Wednesday, November 13, 2013

The Art of Bicycles

I don't just like bicycles. I like almost anything to do with bicycles. In my home, as much as I'd like to be able to have classic vintage bicycles hanging on my walls, above the sofa, over the fireplace mantelpiece, etc, my wife won't really allow that (some women can be so unreasonable) so as sort of a compromise I have a collection of vintage bicycle advertising posters.

In the early days of bicycles, it was pretty clear from the advertising that people thought of bicycles as something pretty special. Frequently the images emphasize beauty, speed -- sometimes even flight -- and have highly romanticized, nearly mythological themes. Here are some of my favorites:

The Cycles Gladiator poster is probably one of the best known, most recognizable posters that I have. The print that I have is absolutely huge, about 5 or 6 feet across, and hangs above my sofa. The image has been used and copied a lot over the years, and is even on the label of a wine from California (the wine isn't bad either).
 The next three, Fernand Clement, Cycles Sirius, and Falcon, all have kind of a similar theme to the Cycles Gladiator poster above, with ethereal goddess-like women, and a hint of flight -- or at least the possibility of flight. As I mentioned, flight is a common connection in a lot of these posters. Should it be any wonder that the Wright brothers got their start building and fixing bicycles?
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This poster, from Cycles Peugeot also features a mythology-inspired woman, gleaming in gold, standing on top of the world.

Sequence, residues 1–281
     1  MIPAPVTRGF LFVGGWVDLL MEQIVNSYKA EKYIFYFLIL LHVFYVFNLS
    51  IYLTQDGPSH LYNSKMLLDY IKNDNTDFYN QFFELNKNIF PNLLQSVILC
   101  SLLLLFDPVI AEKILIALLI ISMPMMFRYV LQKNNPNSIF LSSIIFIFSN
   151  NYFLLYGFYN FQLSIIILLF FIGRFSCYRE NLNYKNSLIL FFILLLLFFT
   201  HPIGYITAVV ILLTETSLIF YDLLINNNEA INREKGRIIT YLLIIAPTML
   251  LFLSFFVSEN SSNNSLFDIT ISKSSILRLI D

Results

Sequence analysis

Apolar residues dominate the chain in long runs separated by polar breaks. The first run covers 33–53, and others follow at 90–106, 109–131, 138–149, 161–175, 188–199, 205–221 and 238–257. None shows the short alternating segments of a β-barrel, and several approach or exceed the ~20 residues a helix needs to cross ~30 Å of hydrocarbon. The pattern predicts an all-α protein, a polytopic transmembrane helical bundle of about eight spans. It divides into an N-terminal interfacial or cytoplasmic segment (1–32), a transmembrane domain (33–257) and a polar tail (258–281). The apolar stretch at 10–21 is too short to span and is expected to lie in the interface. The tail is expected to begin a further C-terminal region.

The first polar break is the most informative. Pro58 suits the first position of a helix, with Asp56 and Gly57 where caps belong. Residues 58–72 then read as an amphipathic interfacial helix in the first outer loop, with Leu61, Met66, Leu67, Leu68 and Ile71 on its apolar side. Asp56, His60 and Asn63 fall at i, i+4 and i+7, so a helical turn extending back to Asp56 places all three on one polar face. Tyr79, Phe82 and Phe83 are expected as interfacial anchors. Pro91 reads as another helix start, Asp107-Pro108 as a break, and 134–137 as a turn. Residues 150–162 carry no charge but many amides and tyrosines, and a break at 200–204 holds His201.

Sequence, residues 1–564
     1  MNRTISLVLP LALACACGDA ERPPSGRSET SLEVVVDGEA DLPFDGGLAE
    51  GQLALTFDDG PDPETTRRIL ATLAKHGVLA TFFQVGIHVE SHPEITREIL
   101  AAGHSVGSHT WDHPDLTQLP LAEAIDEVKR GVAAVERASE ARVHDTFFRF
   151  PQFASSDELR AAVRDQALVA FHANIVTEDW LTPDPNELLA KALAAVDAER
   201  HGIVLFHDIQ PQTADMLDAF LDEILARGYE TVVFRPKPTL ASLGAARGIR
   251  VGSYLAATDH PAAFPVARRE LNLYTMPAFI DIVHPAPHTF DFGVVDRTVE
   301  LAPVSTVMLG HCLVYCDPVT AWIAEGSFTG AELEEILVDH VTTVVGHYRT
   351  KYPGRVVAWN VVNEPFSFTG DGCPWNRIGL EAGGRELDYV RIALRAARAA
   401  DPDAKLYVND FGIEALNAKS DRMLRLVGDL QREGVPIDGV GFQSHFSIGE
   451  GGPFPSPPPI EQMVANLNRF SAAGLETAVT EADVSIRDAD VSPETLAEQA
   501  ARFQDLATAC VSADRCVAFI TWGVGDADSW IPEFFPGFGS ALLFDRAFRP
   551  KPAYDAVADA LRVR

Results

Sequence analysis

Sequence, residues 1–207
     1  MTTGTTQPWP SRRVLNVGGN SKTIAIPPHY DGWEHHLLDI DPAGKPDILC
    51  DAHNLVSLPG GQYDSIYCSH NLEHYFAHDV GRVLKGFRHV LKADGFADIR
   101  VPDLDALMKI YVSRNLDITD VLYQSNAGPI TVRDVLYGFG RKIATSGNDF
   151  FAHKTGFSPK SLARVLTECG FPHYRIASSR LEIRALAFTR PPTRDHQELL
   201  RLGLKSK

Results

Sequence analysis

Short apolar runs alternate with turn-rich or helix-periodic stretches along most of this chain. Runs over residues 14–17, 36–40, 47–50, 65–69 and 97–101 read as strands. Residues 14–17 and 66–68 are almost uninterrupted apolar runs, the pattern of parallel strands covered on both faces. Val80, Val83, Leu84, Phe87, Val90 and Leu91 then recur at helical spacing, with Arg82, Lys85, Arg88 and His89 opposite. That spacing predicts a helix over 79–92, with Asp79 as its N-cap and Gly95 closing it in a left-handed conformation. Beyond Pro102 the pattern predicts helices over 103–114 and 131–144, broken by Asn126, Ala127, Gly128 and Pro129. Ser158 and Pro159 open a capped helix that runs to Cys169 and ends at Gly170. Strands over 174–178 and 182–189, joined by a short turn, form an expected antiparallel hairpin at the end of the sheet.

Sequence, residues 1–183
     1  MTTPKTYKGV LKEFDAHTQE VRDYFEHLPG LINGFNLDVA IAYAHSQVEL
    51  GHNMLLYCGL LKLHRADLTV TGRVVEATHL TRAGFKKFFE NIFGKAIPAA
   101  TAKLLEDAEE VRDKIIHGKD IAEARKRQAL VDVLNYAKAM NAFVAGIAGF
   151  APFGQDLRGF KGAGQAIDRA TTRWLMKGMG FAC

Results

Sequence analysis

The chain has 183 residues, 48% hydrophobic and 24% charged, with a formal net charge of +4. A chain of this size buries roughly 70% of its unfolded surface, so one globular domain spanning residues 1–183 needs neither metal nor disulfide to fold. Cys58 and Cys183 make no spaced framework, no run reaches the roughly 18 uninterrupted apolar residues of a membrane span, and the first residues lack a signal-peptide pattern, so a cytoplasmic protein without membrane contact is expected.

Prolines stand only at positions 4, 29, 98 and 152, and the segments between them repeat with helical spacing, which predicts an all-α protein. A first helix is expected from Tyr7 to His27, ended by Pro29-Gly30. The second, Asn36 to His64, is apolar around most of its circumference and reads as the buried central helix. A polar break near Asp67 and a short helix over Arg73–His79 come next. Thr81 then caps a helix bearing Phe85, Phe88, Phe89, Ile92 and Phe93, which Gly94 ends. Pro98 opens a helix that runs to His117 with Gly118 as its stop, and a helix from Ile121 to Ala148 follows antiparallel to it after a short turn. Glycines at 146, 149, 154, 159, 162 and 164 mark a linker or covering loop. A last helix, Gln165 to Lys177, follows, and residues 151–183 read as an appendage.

The poster for American Crescent Cycles is another classic and a favorite of mine. It was created by the artist Frederick Ramsdell in 1899, and it's a great example of Art Nouveau style, with the field of flowers, and the idealized goddess-like woman. I love the way the wind blows through her dress and her impossibly full hair. Victor Bicycles, below, also has a similar Art Nouveau style to it.

Some of the posters, like these ones shown below, highlight the industrial aspect of the bicycle, giving the impression that the great machine is forged from great fires.

You can almost feel the heat from the blacksmith's forge in this poster from Cycles Liberator.
In this poster from Cycles Titania, we have not only a devil emerging from some kind of hell-forge with a bike, but there is a winged dragon flying in the background. Pretty cool.
Being from Northeast Ohio, I can't help but enjoy this poster from Cleveland cycles, even though it has nothing to do with Cleveland, Ohio. It isn't even American, despite the stars and stripes in the name.


All of the posters shown above hang either in my home, or in my classroom at the school where I teach. I kind of wish that bicycle advertising today was as beautiful as it was in the past -- I mean, how many bicycle advertisements of today would anyone want to hang on their wall as art? Sacha White's Vanilla Cycles has some pretty cool posters, and Rivendell Bicycles came out with one recently, but I can't think of too many others.
Available from Vanilla Bicycles -- Almost looks like it's from another time.

2 comments:

  1. Great posters Grouch. Thanks for sharing. I also like the old promotional posters for the big European races. I've been wanting to pick up a couple reproductions of those for the house.

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    1. You're right -- some of those old race posters are pretty cool, too -- though I don't have any of those currently.

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